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Create a PDF document out of an HTML page

Perl has several modules on CPAN for creating and manipulating PDF files. Just a single search on PDF results in over 500 modules that have something to do with PDF files.

The most useful (or rather essential for PDF processing) are PDF::API2 and CAM::PDF. The former lends itself best for creating PDF’s and the latter for manipulating existing PDF’s and extracting data (such as plain text) from it.

Though these modules make handling PDF’s easier, handling PDF’s still isn’t much fun. As I was in need of a way to generate PDF’s out of work orders (or job tickets) and not feeling much for creating the layout manually and properly formatting paragraphs (manually) with PDF::API2 I started to look further.

I ended up trying out PDF::FromHTML. With PDF::FromHTML you can create a simple HTML layout and let the module create a PDF out of it. You can do some basic configuration such as changing fonts and font-size (check out its documentation for more). It also provides a nifty command line tool called html2pdf.pl for converting an HTML page to a PDF.

The resulting PDF’s from PDF::FromHTML weren’t as pretty as I had wanted, but good enough for the problem I needed solving. But after I started using these work order PDF’s in practice I found I needed more formatting freedom when writing the problem description. So I decided to add Markdown support through Text::Markdown.

Using Markdown I had added a list of tasks to a work order with the items being in bold text and the descriptions underneath it in normal text. Sadly the PDF’s created by PDF::FromHTML didn’t cope very well with nested HTML-elements. A bold paragraph would somehow cause the next paragraph become bold as well. I think that’s a bug in PDF::FromHTML and I’m sure it can be fixed and shame on me for not looking into it.

So instead of seeing if I could fix the bug I did a quick search on the internet and stumbled upon xhtml2pdf, which is provided by python-pisa/xhtml2pdf. Pisa is a Python library for converting HTML pages to PDF’s. It’s far more sophisticated than PDF::FromHTML as it supports more (all?) HTML tags and even CSS2 (plus some CSS3 stuff) for styling.

Currently my webapp will be using xhtml2pdf if it’s available or either fall back to PDF::FromHTML.

Some other interesting Perl PDF modules worth looking into some day are PDF::Boxer and PDF::TextBlock. And while writing this post I also found out that PhantomJS, a headless WebKit, also has a way of saving a page to PDF. So even though handling PDF’s still isn’t a lot of fun, with all these modules and software available it has become a lot easier.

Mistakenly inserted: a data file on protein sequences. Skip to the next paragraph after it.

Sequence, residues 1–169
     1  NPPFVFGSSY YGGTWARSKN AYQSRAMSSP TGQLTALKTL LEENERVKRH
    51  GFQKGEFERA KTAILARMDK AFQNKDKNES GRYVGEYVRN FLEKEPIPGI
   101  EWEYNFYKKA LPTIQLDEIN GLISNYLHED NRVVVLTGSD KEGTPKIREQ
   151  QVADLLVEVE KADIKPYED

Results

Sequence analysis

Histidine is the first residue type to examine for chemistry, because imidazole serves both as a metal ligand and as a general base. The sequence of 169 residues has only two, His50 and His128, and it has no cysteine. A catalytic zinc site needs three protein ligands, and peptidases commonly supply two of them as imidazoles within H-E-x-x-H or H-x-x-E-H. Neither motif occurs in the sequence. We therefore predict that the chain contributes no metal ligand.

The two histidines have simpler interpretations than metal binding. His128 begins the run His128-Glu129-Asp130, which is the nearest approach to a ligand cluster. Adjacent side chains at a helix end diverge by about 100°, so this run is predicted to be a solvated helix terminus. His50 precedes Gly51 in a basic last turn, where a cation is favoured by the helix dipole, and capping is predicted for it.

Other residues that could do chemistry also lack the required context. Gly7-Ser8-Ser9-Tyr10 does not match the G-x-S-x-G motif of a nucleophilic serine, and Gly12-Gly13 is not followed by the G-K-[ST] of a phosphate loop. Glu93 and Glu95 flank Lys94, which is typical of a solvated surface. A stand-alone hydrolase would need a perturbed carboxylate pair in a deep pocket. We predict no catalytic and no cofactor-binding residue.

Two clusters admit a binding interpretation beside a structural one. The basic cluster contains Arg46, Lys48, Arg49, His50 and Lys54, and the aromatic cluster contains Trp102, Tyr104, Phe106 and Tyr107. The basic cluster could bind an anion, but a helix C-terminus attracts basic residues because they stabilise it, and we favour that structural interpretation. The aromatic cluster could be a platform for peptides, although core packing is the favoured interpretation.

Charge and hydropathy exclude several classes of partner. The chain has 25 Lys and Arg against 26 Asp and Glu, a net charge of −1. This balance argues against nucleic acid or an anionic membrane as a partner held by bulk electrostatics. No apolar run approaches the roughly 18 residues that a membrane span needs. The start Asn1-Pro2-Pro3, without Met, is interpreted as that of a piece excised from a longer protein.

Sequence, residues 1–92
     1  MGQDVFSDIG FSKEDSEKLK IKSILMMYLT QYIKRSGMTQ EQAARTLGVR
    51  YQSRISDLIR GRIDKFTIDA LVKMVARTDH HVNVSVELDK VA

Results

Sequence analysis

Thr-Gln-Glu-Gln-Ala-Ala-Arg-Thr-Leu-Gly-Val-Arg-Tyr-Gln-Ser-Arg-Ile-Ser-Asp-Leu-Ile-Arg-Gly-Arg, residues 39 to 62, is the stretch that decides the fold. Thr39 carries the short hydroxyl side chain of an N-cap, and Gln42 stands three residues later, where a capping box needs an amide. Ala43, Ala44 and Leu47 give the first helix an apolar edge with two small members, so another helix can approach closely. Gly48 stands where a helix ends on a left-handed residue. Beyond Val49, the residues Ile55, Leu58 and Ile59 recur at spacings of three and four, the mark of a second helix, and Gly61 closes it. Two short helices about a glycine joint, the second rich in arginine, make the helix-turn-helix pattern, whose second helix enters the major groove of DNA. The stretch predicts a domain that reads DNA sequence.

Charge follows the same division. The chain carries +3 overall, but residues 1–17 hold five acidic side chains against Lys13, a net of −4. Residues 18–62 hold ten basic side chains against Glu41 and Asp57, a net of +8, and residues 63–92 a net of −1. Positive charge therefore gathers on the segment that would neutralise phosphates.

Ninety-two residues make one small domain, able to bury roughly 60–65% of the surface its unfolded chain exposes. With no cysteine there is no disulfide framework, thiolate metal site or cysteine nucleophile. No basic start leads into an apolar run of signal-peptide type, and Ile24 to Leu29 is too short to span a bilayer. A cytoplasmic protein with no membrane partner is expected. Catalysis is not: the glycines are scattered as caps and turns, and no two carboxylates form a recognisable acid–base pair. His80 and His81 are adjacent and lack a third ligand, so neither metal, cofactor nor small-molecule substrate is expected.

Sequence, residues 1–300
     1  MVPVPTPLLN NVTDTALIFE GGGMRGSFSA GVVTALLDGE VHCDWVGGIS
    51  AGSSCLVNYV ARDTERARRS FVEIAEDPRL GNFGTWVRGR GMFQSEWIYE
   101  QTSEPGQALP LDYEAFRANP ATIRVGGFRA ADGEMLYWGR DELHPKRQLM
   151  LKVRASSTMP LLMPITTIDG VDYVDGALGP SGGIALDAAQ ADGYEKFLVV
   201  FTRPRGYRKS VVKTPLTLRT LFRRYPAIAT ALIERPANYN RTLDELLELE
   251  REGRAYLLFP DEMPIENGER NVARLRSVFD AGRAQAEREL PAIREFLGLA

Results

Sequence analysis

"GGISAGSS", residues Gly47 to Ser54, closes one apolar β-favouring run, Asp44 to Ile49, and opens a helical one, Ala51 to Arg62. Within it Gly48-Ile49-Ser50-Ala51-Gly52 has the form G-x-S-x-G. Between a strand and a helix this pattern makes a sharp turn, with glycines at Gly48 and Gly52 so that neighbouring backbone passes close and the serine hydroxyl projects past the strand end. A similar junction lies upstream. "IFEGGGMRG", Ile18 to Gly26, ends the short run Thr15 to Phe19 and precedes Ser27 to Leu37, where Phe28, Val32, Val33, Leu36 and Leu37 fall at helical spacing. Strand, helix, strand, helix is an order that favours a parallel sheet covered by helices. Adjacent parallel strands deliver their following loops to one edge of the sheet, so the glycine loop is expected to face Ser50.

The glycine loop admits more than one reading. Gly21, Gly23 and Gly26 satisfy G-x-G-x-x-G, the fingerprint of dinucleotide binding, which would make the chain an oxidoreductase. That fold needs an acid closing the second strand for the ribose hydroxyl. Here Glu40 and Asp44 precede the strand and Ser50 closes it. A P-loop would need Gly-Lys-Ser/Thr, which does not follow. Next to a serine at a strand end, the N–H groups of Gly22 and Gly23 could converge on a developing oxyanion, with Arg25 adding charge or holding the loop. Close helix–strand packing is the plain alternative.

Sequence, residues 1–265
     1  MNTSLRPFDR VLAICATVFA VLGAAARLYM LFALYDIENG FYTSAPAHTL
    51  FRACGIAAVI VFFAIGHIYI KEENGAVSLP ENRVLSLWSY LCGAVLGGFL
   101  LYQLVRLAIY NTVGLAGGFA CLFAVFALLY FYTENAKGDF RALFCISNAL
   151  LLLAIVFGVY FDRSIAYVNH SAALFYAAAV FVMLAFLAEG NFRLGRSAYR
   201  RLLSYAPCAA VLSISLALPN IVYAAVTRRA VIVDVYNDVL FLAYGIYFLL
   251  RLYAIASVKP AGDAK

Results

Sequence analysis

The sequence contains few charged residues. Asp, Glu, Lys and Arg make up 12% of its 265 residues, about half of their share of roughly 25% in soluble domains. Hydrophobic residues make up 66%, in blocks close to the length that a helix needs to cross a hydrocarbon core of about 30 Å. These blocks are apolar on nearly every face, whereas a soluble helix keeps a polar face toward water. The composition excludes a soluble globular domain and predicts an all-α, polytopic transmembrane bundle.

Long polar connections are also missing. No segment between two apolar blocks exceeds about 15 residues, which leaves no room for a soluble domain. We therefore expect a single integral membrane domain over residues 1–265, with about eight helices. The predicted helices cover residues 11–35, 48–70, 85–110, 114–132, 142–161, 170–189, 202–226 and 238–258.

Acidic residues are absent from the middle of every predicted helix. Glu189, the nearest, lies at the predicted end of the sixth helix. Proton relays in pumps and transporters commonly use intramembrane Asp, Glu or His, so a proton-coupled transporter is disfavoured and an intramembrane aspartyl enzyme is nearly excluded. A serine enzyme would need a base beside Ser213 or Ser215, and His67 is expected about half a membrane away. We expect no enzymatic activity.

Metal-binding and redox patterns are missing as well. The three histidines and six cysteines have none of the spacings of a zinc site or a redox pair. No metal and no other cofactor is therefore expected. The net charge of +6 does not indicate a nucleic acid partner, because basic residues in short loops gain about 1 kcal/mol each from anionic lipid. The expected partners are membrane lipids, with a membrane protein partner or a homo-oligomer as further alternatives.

Want to use a web service to convert HTML to PDF? Then take a look at HTML2PDF Web Service.

Remote controlled boat using the Raspberry Pi with an Arduino

In the last 8 weeks or so I was working together with 3 other students researching some of the possibilities of the Raspberry Pi and what it could offer the school for future education and research purposes. The results of the many small research subjects came together in a remote controlled boat.

Sadly due to me getting sick this week I haven’t been able to properly finish the project myself, but the other team members were able to though.

The boat’s (server) software is a Python app running on the Raspberry Pi (model A). This app is responsible for communicating with the Arduino through I²C and basically tells the Arduino which channels to modify. The Arduino runs a simple C program for this. There are 2 separate motor controllers which are connected to the Arduino. The rudder is a single servo which is also connected to the Arduino. Initially we had planned on mounting a camera on the pan-tilt mechanism which is located up front, but the ideas we had for implementing computer vision didn’t quite work out. The pan-tilt mechanism has two servo’s, both connected to the Arduino. So in short the Arduino drives all the hardware and the Raspberry Pi tells the Arduino what to do.

The Arduino itself is ‘mounted’ to the Raspberry Pi with the use of a custom made connector board. The Arduino is placed on top of that. On top of the Arduino is a custom made shield which has pins for connecting the motor controllers and servo’s and powers both the Arduino and Raspberry Pi.

We decided to call it the Stackberry Pi.

Stackberry Pi

Here’s our workroom where the boat was being worked on.

Raspberry Pi + Arduino powered boat

And finally its first test run!

Raspberry Pi + Arduino powered boat

But motionless pictures are no fun. Here’s a video of the boat’s first test run.


In case you’d like to hear more details about the boat please do ask.